We Need Scholars Who Write for the University Student and the Masses.

Etched on the tombstone of Karl Marx are his words: “The philosophers have only interpreted the world, in various ways. The point, however, is to change it." This is my motto. My goal isn't to publish in peer-reviewed journals, although I have in Philosophy Now (which exists behind a pay-wall), and may do so again when I have nothing left to do. My goal isn't to finish my Ph.D. either, since I'm already doing what most atheist Ph.D's would be happy doing, and because earning three master's degrees should be enough time spent in a delusion. The main reason is because of my motto. It's been my motto from the beginning. My goal is to change the religious landscape one person at a time. So it's no surprise to learn my goal has been confirmed in an article for The Sunday Times, which begins by saying, "An average academic journal article is read in its entirety by about 10 people. To shape policy, professors should start penning commentaries in popular media."
Up to 1.5 million peer-reviewed articles are published annually. However, many are ignored even within scientific communities - 82 per cent of articles published in humanities are not even cited once. No one ever refers to 32 per cent of the peer-reviewed articles in the social and 27 per cent in the natural sciences.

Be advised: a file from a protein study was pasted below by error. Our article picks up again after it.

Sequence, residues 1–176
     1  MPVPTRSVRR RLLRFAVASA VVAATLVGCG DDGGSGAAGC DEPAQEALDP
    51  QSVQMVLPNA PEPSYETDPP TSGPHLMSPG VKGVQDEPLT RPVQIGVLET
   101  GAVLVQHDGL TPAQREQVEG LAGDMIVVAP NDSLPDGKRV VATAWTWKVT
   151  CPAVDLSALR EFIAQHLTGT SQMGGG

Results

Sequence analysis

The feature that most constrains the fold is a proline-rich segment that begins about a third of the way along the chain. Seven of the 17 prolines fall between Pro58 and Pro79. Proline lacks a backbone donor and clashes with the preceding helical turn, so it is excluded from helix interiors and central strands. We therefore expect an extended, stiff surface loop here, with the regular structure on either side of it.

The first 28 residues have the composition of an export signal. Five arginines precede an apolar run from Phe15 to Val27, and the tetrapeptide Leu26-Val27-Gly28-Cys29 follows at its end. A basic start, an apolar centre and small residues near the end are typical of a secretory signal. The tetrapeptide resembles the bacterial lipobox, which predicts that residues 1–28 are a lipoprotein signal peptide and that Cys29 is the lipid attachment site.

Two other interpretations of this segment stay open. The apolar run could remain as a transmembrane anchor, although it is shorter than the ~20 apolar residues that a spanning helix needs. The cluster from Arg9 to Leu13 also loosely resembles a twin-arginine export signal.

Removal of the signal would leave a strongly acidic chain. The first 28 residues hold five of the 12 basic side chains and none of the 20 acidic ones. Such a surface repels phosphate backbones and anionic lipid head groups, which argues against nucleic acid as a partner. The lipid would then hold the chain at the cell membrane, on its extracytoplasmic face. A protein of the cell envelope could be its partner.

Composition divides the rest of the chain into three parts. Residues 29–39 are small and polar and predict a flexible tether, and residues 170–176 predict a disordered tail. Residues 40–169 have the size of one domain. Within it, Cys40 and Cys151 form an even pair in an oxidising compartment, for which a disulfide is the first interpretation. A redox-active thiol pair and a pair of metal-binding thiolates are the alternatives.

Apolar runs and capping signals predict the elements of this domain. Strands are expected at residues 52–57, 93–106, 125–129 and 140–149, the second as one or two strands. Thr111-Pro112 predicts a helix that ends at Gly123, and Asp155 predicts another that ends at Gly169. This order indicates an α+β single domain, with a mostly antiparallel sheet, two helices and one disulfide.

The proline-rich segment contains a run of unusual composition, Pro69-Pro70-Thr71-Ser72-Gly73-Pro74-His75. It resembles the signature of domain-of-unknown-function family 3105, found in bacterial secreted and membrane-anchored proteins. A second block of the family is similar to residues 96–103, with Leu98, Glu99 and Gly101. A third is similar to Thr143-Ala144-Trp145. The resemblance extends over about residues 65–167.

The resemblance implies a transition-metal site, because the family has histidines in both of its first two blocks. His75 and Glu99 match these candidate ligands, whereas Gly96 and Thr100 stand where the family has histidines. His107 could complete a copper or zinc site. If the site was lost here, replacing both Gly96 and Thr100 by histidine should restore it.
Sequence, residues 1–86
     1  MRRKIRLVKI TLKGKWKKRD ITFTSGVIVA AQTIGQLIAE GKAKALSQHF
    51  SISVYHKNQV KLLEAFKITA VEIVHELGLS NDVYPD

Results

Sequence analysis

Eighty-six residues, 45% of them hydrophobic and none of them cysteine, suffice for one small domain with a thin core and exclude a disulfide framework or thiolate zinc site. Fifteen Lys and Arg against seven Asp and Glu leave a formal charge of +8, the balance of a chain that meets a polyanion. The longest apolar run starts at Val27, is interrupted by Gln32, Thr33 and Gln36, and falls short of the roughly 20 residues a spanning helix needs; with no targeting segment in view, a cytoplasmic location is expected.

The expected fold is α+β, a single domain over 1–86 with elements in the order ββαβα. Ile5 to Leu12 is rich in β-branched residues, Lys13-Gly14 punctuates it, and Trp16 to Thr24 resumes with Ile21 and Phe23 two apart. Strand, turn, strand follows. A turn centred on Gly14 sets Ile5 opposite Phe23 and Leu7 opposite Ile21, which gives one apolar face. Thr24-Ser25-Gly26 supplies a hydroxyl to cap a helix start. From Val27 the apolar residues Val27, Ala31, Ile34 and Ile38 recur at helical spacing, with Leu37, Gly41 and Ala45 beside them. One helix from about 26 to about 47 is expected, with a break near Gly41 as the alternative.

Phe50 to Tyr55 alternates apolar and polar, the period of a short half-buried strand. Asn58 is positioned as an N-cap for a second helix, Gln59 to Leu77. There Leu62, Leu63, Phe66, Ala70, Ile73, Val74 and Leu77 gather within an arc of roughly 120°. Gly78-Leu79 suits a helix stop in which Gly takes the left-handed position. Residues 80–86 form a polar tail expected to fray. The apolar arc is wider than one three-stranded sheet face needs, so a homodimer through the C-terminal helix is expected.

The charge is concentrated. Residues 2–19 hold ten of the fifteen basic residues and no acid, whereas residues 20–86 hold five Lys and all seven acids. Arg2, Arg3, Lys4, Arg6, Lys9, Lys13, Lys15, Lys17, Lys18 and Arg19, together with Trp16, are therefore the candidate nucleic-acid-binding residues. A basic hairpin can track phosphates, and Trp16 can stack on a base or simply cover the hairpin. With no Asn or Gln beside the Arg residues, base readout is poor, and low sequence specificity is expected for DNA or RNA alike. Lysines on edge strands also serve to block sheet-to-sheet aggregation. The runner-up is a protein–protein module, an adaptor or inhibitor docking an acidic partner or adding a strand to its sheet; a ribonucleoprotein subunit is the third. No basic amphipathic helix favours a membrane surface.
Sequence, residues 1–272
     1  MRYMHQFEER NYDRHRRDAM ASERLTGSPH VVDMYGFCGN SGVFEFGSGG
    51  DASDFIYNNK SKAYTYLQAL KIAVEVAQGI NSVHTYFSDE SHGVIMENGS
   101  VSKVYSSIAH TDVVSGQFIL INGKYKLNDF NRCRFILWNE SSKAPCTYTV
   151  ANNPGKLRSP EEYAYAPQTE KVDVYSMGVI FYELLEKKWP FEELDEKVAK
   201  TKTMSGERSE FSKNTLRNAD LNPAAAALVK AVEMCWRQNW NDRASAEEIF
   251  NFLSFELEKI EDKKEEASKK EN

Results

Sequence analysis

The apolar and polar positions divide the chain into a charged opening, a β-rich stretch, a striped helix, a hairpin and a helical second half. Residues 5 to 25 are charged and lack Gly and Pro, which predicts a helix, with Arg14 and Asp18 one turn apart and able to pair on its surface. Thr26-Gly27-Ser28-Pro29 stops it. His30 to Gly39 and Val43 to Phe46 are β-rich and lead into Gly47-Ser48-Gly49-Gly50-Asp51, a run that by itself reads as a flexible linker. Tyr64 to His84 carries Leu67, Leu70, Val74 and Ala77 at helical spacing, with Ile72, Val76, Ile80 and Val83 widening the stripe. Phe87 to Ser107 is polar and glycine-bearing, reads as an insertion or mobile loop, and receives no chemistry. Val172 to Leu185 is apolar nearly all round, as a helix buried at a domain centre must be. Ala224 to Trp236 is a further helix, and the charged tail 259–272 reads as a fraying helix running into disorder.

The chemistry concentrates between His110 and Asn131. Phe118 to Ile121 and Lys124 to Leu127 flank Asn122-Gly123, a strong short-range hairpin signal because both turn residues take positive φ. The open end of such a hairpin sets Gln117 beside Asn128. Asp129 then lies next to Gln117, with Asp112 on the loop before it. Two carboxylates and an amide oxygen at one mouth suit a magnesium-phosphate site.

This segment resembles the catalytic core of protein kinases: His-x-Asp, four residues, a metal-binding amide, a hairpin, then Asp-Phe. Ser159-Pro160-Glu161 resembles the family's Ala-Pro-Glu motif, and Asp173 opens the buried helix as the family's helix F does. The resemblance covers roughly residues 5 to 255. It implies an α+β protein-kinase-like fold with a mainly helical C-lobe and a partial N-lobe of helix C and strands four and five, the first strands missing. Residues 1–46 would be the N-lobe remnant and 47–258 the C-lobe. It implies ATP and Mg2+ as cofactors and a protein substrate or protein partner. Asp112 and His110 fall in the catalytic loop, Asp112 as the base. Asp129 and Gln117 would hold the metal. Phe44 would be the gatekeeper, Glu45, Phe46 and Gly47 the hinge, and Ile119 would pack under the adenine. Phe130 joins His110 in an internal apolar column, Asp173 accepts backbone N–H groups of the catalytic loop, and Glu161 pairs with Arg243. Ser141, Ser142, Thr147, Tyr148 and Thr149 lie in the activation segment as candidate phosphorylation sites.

If a paper is cited, this does not imply it has actually been read. According to one estimate, only 20 per cent of papers cited have actually been read. We estimate that an average paper in a peer-reviewed journal is read completely by no more than 10 people. Hence, impacts of most peer-reviewed publications even within the scientific community are minuscule.

Many scholars aspire to contribute to their discipline's knowledge and to influence practitioners' decision-making.

However, practitioners very rarely read articles published in peer-reviewed journals. We know of no senior policymaker or senior business leader who ever read regularly any peer-reviewed papers in well-recognised journals like Nature, Science or Lancet. LINK.
Dr. Hector Avalos speaks to the masses by writing a monthly column in the Ames Iowa Tribune. For my part I'm writing for the university student and the educated person in the Pew, bringing scholarly arguments down to them.

The bottom line is that most scholars are only talking to themselves, at best. We need them, no doubt. What they do is extremely valuable, especially the scientists and atheists among us since we cannot let believers win the intellectual wars in the scholarly world. But in most cases scholars write on mundane issues that other scholars don't seem to care that much about, even in the same field. They write to gain respect from their peers, or tenure. While those are worthy goals no doubt, in most cases that's all they seek to do. -- Okay, blast away.